Because cultures do not always replicate in vivo conditions, and multiple routes of DC differentiation have been described,1,21,36 we assessed the importance of C/EBPα in a transplantation model in vivo. The stem/progenitor-rich KSL fraction was sorted from poly(IC) treated Mx1-Cre+ C/EBPαfl/fl mice or Mx1-Cre C/EBPαfl/fl control mice (CD45.2+) and transferred to sublethally irradiated CD45.1+ recipients. The altered numbers of stem/progenitor cells found in C/EBPα floxed mice compared with controls has been published previously.28,37 From these mice transplanted with KSL, tissues were harvested 1 month later and the differentiation potential of transplanted cells was assessed. Control Mx1-Cre C/EBPαfl/fl KSL produced lymphocytes, monocytes, granulocytes, and DCs (Figure 2, data not shown). Lymphoid lineages were produced normally from Mx1-Cre+ C/EBPαfl/fl–deleted cells, but no phenotypic monocytes, few cDC (0.02%), and only small numbers of pDC (0.09%) were made (Figure 2B). Macrophage/DC progenitors are characterized by the CX3CR1-GFP reporter; we did not cross these mice to the C/EBPαfl/fl mice but found that expression was reduced in sorted CMP by RT-PCR (Figure 2B). In addition, CDP formation was C/EBPα dependent (Figure 2A-B and supplemental Figure 2B-C). These findings extend those made with our cell culture methods and demonstrate a major requirement for C/EBPα in production of DCs and their progenitors in vivo.

Figure 2

In vivo assay for DC generation from C/EBPα-targeted progenitors. (A) FACS analysis of CD45.2+ donor–derived cells, from 5000 transplanted KSL of C/EBPαfl/fl or Mx1Cre+ C/EBPαfl/fl–transplanted mice, for CDP (Lin, Flt3+, FcγRII/III, cKit+, CD115+, CD11c) from bone marrow, or cDC (CD19, CD3, NK, CD11c+, MHCII+) and pDC (CD19, CD3, NK, CD11c+, B220+) from the spleen show contribution of donor cells to each population. The data shown are representative dot plots from 3 mice per group for 3 independent experiments with similar results. (B) Absolute numbers of total CD45.2+ CD19, CD3, NK CD11c+ DCs were calculated from total splenocytes (left). B220+ subset of cells was determined to be pDC (black), and B220 MHCII+ cells were cDC (white) and plotted accordingly. CMPs were sorted from either MxCre C/EBPαfl/fl or MxCre+ C/EBPαfl/fl mice and analyzed for expression of CX3CR1 by RT-PCR. The percentage of CDP from total CD45.2+ bone marrow are presented from KSL of C/EBPαfl/fl or MxCre+ C/EBPαfl/fl–transplanted mice (right). The numbers represent mean ± SD from 4 similarly transplanted mice. One of 3 experiments giving similar results is presented.

An early requirement for C/EBPα in DC differentiation

The results shown here suggest that C/EBPα plays a major role in generating DCs and their progenitors. However, we wanted to pinpoint the stages that require this transcription factor. The KSL fraction, as well as phenotypic CMPs and CLPs could be recovered from poly(IC)-treated Mx1-Cre+C/EBPαfl/fl bone marrow, and these 3 subsets of progenitors were tested for Flt3L-mediated DC differentiation in culture. Cultures were again initiated with a mixture of 500 sorted progenitors and 104 WBM cells from normal control CD45.1+ cells (Figure 3). Wells were analyzed for the presence of CD45.2+ CD11c+ DCs, and representative flow cytometry results from day 6 are shown in Figure 3A. Deletion of C/EBPα severely compromised the ability of KSL and CMP subsets of marrow progenitors to generate DCs (Figure 3A-B). Although CLPs are a less efficient source of DCs,12,38 these progenitors maintained the majority of their ability to produce CD45.2+ CD11c+ DCs in the absence of C/EBPα (Figure 3B). A limiting dilution version of this experimental design revealed that ∼1 of 8 Lin cKit+ cells from control mice gave rise to CD45.2+ CD11c+ cells compared with ∼1 of 32 500 from Mx1-Cre+C/EBPαfl/fl (Figure 3C). To more precisely define C/EBPα dependence of DC formation, Cre-GFP was introduced into sorted KSL, GMP, and CDP from C/EBPαfl/fl mice by retroviral transduction. Double-sorted progenitors were incubated for 24 hours with SCF, Flt3L, and IL6 to allow for Cre-mediated excision before culture with only Flt3L. Although DC production was severely impaired by deletion of C/EBPα in the more primitive progenitors, differentiation from the CDP stage appeared unchanged (Figure 3D). We conclude that C/EBPα is needed for progression to phenotypic CDP and subsequently mature DCs.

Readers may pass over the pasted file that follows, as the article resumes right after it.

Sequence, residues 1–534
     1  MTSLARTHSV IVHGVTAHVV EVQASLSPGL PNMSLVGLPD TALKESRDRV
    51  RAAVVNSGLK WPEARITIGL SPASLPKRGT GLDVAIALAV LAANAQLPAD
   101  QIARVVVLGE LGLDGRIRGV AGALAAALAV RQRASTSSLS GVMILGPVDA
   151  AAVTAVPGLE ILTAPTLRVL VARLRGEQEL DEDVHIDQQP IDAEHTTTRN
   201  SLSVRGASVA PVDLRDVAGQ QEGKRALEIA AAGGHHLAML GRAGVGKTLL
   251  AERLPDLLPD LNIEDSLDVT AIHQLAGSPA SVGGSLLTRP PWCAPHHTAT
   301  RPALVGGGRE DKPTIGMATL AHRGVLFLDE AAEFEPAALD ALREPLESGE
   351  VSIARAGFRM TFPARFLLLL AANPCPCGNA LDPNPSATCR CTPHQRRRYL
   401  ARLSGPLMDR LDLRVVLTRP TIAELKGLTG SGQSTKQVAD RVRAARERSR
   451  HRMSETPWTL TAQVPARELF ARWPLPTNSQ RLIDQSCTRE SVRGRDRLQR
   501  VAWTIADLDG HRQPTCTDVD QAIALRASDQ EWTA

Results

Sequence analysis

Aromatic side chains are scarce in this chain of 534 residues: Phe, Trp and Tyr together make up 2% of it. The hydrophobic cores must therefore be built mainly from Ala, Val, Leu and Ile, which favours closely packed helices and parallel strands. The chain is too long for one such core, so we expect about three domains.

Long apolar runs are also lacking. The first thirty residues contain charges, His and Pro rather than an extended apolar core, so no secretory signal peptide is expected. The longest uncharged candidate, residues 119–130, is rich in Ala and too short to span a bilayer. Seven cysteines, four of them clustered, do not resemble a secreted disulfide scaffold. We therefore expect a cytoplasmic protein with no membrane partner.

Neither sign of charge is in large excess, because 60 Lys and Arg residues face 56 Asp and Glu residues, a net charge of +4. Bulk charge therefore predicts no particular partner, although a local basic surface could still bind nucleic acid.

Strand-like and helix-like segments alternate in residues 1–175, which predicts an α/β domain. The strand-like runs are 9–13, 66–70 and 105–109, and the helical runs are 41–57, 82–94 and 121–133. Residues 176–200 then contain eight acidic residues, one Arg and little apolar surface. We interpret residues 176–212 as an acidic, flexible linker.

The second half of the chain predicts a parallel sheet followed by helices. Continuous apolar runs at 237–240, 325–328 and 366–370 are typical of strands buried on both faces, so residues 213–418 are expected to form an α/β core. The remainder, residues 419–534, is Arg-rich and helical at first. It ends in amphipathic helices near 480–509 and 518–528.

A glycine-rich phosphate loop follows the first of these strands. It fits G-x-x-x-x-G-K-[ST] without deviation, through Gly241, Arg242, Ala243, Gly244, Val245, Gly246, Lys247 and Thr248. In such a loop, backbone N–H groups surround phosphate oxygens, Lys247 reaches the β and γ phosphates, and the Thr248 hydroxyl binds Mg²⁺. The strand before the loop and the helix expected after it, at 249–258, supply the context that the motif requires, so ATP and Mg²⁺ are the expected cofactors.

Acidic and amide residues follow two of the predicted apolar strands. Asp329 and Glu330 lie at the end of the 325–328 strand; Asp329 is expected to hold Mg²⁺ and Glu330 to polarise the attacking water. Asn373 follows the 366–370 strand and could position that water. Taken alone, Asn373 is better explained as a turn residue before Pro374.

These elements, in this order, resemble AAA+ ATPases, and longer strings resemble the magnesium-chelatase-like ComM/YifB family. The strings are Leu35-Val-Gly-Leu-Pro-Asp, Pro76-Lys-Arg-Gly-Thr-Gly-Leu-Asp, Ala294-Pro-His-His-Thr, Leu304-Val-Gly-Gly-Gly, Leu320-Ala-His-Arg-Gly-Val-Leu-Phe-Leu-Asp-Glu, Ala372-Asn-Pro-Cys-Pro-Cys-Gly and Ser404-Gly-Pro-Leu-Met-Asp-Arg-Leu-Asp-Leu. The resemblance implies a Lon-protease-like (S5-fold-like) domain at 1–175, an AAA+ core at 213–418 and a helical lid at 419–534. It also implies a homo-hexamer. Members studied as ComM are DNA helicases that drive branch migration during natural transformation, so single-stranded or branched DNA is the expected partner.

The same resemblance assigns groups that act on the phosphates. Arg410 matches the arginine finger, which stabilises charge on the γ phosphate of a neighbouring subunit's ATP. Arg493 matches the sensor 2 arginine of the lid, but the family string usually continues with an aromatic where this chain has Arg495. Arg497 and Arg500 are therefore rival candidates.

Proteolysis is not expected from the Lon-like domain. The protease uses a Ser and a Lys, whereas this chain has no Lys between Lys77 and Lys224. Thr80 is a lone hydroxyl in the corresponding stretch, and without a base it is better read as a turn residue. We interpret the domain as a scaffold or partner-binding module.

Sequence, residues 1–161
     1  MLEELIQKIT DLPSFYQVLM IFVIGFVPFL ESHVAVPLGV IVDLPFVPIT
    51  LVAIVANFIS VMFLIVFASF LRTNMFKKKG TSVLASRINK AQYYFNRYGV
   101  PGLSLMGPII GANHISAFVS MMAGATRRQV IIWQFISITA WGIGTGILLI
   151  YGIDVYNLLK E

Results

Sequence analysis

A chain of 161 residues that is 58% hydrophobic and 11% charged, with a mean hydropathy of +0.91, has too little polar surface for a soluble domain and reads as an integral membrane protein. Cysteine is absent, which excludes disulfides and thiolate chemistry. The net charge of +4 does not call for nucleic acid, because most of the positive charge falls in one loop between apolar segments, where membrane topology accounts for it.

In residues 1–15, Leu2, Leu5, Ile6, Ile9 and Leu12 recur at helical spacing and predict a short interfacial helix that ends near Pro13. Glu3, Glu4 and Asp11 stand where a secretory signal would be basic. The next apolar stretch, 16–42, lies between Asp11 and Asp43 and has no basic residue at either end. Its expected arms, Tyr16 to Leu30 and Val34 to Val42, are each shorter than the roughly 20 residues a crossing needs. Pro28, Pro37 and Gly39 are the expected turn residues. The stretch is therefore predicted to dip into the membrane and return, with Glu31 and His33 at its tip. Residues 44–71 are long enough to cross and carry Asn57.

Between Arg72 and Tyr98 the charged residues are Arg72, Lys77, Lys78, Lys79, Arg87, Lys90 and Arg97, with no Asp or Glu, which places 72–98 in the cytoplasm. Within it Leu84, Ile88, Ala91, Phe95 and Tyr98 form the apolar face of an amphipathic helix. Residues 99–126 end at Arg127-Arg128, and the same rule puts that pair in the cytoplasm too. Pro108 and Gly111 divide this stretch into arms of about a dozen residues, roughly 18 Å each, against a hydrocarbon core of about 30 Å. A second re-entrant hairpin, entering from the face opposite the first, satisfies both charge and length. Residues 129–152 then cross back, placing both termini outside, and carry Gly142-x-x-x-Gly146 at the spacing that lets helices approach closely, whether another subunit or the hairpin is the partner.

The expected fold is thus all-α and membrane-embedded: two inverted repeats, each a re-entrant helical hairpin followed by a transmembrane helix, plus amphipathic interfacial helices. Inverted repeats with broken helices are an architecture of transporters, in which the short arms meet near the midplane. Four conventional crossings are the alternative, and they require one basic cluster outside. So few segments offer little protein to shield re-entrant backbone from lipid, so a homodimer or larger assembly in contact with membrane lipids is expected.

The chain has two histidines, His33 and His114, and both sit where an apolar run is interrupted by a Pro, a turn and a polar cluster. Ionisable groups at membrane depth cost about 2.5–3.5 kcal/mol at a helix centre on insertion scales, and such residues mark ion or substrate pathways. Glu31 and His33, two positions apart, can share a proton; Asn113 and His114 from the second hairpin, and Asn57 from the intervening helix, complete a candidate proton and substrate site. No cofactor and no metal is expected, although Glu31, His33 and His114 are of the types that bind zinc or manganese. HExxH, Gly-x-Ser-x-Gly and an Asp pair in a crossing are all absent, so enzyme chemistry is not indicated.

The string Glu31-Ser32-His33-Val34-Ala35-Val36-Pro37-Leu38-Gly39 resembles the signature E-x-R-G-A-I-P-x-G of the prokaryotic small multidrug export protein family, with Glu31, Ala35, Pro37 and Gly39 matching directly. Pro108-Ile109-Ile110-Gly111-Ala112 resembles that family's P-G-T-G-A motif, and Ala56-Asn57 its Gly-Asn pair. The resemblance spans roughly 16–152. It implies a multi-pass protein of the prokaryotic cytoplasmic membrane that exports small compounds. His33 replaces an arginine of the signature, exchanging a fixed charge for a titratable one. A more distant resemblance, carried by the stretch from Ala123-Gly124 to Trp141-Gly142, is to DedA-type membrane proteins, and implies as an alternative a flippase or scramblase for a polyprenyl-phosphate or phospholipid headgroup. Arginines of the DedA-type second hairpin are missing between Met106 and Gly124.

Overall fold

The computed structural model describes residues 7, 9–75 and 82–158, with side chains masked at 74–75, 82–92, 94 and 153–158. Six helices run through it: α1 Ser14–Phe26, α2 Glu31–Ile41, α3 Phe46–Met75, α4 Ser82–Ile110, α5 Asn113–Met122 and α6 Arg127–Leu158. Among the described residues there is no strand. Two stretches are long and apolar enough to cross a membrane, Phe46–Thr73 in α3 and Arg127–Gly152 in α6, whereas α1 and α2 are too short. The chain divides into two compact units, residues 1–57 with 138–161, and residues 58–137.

Figure 3

Stage-specific need for C/EBPα in DC progenitors. (A) KSL, CMPs, and CLPs were isolated from the BM of MxCre+ C/EBPαfl/fl or C/EBPαfl/fl mice 2 weeks after 3 poly(IC) injections. 500 progenitor cells were cocultured with 104 Ly5.1+ WBM cells in the presence of Flt3L (200 ng/mL). The resulting cultures were analyzed by flow cytometry for Ly5.1, Ly5.2, MHCII, and CD11c after days 3 to 7. In addition, CD45.1+ cells were subjected to the same culture conditions that were used as controls for efficiency of DC differentiation. Day 5 FACS plots are shown as representative data from triplicate wells of 3 independent experiments. (B) The number of DCs generated in each culture was calculated using cell counts and flow cytometry over days and presented as the number of total DCs (average of 3 wells). On the left are sorted populations from C/EBPα fl/fl, with the DC numbers for KSL and CMPs shown on the left axis and CLP production on the right axis. The graphs on the right are from the same progenitors but sorted from MxCre+ C/EBPαfl/fl mice. Data are presented as mean ± SD of one such experiment that was repeated 3 times. (C) Cloning efficiency was assessed by limiting dilution series of sorted CD45.2+ MxCre+ C/EBPαfl/fl or C/EBPαfl/fl Lin cKit+ progenitors cocultured with Ly5.1+ Lin cKit+ BM cells in the presence of Flt3L(200 ng/mL). Cultures were analyzed on day 8 for the presence of CD45.2+ CD11c+ cells. Data are representative of 2 such experiments. (D) The progenitor populations KSL, GMP, and CDP were isolated from the BM of C/EBPαfl/fl mice. These progenitor cells were infected with retrovirus carrying an empty vector with GFP reporter or Cre with GFP reporter. These cells were then cultured with sorted CD45.1+ Lin cKit+ BM cells in the presence of Flt3L. Cultures were assessed for CD45.2+ CD11c+ GFP+ cells at days 4, 5, and 6. The plot shows a yield of CD11c+ cells per input GFP+ progenitor over time. Data are representative of 2 such experiments.